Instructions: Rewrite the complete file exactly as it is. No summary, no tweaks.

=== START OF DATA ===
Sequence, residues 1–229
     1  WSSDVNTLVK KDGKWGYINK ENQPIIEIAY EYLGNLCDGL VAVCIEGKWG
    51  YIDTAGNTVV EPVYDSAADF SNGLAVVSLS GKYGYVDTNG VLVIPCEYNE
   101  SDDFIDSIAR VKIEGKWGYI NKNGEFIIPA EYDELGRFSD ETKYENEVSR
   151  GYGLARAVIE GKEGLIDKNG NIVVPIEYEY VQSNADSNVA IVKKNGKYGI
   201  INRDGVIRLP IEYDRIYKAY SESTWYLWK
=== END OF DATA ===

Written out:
Sequence, residues 1–229
     1  WSSDVNTLVK KDGKWGYINK ENQPIIEIAY EYLGNLCDGL VAVCIEGKWG
    51  YIDTAGNTVV EPVYDSAADF SNGLAVVSLS GKYGYVDTNG VLVIPCEYNE
   101  SDDFIDSIAR VKIEGKWGYI NKNGEFIIPA EYDELGRFSD ETKYENEVSR
   151  GYGLARAVIE GKEGLIDKNG NIVVPIEYEY VQSNADSNVA IVKKNGKYGI
   201  INRDGVIRLP IEYDRIYKAY SESTWYLWK